The passive wetness reporting solution uses RFID readers 50 and antennae 48 to illuminate the RFID tag based sensor module 46, energizing it and then reading out the wetness measurement. The antenna 48 used in this system is the CS790 series ultra-thin antenna of Convergence Systems Limited. This antenna 48 is designed based on the original design disclosed in US Patent Application Publication No. US 2012/0249395 A1, but modified to become a cased antenna with RF cable entering from the side. This is done using a novel sideway excitation circuit with a special way of shorting the outer surface of the cable entering the unit, as shown in FIG. 35. The antenna 48 has a back metal ground 134 mounted with a PCB exciter 136 having a via hole 138. A matching circuit 140 connects the centre pin of a coaxial cable 142 to the via hole 138. The coaxial cable 142 is short to the metal ground 134 by an external connector 143 at a distance L away from the PCB exciter 136. A tape 144 is positioned between the PCB exciter 136 and the back metal ground 134 to isolate the via hole 138 from the ground 134. As shown in FIG. 36, this novel modified antenna 48 is further hermetically sealed to allow medical sterilization, which is unsuitable on the original design.

This antenna 48 operates with a novel leaky wave travelling wave mechanism, with the wave leaking out from the top surface of a parallel plate travelling wave waveguide, with this top surface in a crossed mesh of conductive aluminum material. Basically the wave leaks out from the slots of the crossed mesh and its energy drops exponentially. With this novel mechanism, the energy leaving the ultra-thin antenna 48 forms a limited detection zone above the mattress, just covering that area and not cross reading the medical pad on a nearby bed. This is very important because, with adjacent beds with patients of different needs, as shown in FIG. 37, if the RFID reader 50 erroneously reads the RFID tag of a medical pad 47 from an adjacent bed, the nurse may be rolling over the wrong patient. This novel antenna 48, with its ultra-thin nature (hence can be mounted right under the mattress) and leaky wave travelling wave nature (hence the energy can be well contained within the top of the mattress), is an important technology enabler of this passive incontinence system.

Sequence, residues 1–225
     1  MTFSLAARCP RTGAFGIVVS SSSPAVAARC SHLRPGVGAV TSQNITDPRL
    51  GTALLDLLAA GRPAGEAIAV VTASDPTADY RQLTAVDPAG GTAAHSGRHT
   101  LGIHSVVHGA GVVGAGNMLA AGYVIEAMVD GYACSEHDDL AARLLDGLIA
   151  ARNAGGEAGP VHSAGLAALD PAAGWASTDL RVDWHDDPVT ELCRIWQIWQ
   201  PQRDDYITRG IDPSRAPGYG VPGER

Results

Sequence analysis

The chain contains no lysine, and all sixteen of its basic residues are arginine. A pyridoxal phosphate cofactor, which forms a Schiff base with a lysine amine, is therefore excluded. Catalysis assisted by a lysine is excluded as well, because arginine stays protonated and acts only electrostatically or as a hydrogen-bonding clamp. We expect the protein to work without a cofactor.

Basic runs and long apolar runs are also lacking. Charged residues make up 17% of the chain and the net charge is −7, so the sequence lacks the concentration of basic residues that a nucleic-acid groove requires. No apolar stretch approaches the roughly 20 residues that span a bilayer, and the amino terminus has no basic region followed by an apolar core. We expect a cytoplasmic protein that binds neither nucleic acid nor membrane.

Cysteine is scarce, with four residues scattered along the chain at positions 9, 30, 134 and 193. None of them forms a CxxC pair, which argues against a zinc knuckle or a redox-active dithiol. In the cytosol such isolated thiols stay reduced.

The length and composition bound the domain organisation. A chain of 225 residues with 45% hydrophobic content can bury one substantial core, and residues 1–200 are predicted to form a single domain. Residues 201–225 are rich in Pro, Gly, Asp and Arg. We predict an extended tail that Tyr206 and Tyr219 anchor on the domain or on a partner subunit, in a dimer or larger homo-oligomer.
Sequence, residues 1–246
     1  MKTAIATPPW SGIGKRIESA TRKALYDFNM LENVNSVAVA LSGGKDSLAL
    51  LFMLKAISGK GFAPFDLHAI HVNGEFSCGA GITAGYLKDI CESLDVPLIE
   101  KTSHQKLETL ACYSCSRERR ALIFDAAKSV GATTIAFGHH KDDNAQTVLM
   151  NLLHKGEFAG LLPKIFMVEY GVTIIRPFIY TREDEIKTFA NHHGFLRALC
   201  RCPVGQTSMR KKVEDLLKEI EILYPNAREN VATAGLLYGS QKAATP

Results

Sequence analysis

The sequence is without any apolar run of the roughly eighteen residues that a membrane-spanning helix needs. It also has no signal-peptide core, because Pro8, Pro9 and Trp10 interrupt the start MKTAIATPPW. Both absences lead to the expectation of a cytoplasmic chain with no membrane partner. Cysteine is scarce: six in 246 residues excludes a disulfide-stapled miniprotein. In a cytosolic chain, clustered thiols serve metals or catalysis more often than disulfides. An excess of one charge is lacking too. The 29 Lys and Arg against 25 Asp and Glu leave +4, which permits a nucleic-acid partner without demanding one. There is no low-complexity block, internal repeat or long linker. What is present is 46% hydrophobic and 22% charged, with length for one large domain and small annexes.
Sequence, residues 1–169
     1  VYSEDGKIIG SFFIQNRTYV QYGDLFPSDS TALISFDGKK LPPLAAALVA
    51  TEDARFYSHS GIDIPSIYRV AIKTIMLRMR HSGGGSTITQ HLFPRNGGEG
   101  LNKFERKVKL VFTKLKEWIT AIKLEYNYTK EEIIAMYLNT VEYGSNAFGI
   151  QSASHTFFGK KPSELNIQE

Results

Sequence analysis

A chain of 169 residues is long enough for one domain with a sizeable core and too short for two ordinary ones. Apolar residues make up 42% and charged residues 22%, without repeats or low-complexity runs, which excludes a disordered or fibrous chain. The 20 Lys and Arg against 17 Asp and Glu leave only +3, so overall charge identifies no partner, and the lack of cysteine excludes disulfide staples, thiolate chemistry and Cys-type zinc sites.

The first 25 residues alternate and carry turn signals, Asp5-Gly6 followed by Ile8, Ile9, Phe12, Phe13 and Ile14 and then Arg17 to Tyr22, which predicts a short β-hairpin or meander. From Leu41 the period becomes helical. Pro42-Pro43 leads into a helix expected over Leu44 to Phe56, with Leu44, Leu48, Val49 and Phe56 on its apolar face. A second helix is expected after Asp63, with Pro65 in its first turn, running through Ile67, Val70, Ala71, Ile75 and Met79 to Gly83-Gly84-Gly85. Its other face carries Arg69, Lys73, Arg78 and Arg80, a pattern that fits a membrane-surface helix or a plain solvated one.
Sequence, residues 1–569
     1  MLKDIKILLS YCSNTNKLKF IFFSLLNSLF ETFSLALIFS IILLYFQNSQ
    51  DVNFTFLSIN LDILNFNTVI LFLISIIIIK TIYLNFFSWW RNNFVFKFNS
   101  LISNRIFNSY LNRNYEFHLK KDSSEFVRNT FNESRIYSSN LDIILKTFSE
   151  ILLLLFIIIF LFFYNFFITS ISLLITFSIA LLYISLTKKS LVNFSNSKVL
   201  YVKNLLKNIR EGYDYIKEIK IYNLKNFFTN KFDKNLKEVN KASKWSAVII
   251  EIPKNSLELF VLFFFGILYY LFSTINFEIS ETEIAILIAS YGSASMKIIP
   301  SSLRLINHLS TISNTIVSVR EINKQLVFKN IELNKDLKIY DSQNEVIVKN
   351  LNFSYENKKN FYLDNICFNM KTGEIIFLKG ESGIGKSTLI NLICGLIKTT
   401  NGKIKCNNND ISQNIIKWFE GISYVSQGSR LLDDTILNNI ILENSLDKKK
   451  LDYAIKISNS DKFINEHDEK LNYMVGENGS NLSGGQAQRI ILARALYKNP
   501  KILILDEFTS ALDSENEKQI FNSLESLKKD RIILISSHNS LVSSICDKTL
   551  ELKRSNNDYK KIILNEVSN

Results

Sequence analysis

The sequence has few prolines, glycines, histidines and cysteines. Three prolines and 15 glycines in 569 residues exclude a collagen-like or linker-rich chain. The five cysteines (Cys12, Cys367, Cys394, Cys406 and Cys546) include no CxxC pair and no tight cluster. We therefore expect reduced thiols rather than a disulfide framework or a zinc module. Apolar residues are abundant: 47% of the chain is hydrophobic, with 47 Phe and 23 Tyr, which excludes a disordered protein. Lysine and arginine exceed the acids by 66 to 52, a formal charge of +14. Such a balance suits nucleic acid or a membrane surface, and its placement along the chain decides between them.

As shown in FIG. 38 of the active wetness reporting system according to the present invention, the network station 36 performs the following functions:

  • a) bridges (relays) the Bluetooth® broadcast from the sensor modules 34 to the Cloud Frontend server 38, either through Ethernet or Wi-Fi technology, and
  • b) provides a cradle for the sensor modules 34 to do registration (or re-registration) to the Cloud Frontend server 38, which also allows the nurse to map the patient name to the respective sensor module 34.

The active wetness reporting system according to the present invention consists of the sensor modules 34 broadcasting their respective wetness measurement data via Bluetooth® Low Energy protocol based beacon and collected by the bridge network station 36. This network station 36 relays the information via the Internet to the Cloud Frontend server 38. The network station 36 takes in the Bluetooth® Low Energy beacon, adds its own identification information, encrypts further and sends to the Cloud Frontend server 38.